On August 28, 2020, the industry trade groups challenging the CFPB’s final Rule on Payday, Vehicle Title, and Certain High-Cost Installment Loans (the Rule) filed their Amended Complaint in accordance with the briefing schedule recently entered by the court.  The Amended Complaint focuses on the payment provisions of the Rule but the trade groups have expressly reserved the right to renew their challenges to the underwriting provisions of the Rule in the event the Bureau’s revocation of those provisions is set aside for any reason, including legislative, executive, administrative or judicial action.

In the Amended Complaint, the plaintiffs allege that the Rule violates both the Constitution and the Administrative Procedures Act (the APA).  Starting with the Supreme Court’s decision in Seila Law that the Director of the CFPB who adopted the Rule was unconstitutionally insulated from discharge without cause by the President, the Amended Complaint argues that a valid Rule requires a valid notice and comment process from inception and not mere ratification of the final result by a properly serving Director.  It further asserts that ratification of the payment provisions is arbitrary and capricious within the meaning of the APA because the payment provisions were based on a UDAAP theory expressly rejected by the CFPB in its revocation of the underwriting provisions of the Rule and the CFPB has failed to explain how a lender can commit a UDAAP violation, consistent with the theory of the revocation of the underwriting provisions, when the consumer is free to eschew a covered loan based on a generalized understanding of the risk of multiple NSF fees.

The Amended Complaint takes issue with the payment provisions based on a number of additional alleged infirmities, including the following:

  • The CFPB provided a lengthy period for the industry to comply with the original Rule but failed to provide any compliance period for the ratified Rule.  Thus, the current Rule differs from the original Rule it purports to ratify in a key respect.
  • The 36% APR trigger for covered installment loans is fundamentally at odds with the provision of the Dodd-Frank Act explicitly prohibiting the CFPB from establishing usury limits.
  • The alleged harms the payment provisions are designed to forestall are caused by the banks holding the consumers’ deposit accounts and not by the lenders who initiate payments declined due to insufficient funds.
  • The Bureau acted arbitrarily and capriciously in extending the payments provisions to multi-payment installment loans, where consumers have lengthy periods of time between installments to respond to failed payment-transfer attempts (and where, we would note, consumers are already free under the Electronic Funds Transfer Act to decline to authorize loan payments through recurring electronic fund transfers).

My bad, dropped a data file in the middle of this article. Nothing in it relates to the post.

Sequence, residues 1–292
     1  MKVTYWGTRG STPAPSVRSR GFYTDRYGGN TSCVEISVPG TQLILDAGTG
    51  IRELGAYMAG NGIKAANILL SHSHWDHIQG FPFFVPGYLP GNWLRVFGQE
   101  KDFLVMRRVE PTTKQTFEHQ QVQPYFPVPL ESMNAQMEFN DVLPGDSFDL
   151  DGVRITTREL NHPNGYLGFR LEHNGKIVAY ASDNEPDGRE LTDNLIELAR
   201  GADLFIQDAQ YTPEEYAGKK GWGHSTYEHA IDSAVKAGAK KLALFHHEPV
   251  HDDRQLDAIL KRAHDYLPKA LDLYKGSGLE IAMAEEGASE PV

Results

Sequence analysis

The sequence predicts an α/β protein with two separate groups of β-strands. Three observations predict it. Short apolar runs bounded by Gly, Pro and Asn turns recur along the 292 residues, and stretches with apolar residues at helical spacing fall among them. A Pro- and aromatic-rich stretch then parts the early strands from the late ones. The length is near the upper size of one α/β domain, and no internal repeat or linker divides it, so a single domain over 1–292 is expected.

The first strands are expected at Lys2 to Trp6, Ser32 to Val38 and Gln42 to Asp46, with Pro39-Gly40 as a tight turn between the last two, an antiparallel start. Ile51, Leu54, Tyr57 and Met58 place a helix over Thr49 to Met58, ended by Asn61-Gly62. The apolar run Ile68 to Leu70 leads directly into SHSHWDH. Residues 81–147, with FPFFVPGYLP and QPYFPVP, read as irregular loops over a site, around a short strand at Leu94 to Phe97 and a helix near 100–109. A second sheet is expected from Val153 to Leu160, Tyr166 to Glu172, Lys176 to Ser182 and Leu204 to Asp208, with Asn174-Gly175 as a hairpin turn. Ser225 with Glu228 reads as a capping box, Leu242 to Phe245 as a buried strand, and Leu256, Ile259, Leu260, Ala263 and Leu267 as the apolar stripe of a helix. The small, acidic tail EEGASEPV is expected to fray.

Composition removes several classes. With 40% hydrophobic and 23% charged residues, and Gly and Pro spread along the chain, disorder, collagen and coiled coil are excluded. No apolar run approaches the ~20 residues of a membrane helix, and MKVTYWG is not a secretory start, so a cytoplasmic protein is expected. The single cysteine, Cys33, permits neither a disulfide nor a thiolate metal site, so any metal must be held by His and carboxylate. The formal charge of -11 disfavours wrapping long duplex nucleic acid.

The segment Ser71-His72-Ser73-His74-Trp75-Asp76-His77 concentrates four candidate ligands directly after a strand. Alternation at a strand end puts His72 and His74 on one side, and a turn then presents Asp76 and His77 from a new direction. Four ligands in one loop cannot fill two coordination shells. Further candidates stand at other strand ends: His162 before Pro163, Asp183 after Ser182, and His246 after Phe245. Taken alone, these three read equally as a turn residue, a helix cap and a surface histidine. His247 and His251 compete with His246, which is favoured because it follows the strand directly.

• The Bureau also acted arbitrarily and capriciously in extending the payments provisions to debit and prepaid card transactions, where failed payment-transfer attempts typically do not, if ever, result in fees.  (We have repeatedly expressed the view that this key aspect of the Rule is indefensible.)
  • The CFPB evidence supporting the payment provisions was insufficiently robust and reliable, especially with respect to storefront and installment loans since the CFPB relied upon evidence about online single-payment loans.
  • The timing requirements for notices under the Rule arbitrarily prevent consumers from scheduling earlier payments.
  • The CFPB did not consider whether enhanced disclosures could have adequately prevented the perceived consumer injuries.

We believe that the Amended Complaint represents a powerful attack on the payment provisions of the Rule.  We have only one point we would emphasize to a greater extent:  There is no apparent link between the UDAAP problem identified in Section 1041.7 of the Rule—consumers incurring bank NSF fees for dishonored checks and ACH transactions after two consecutive failed payment transfers—and the burdensome notice requirements in Section 1041.9 of the Rule.  To our mind, these elaborate notice requirements are arbitrary and capricious for this further reason.

We will continue to follow this case closely and report on further developments.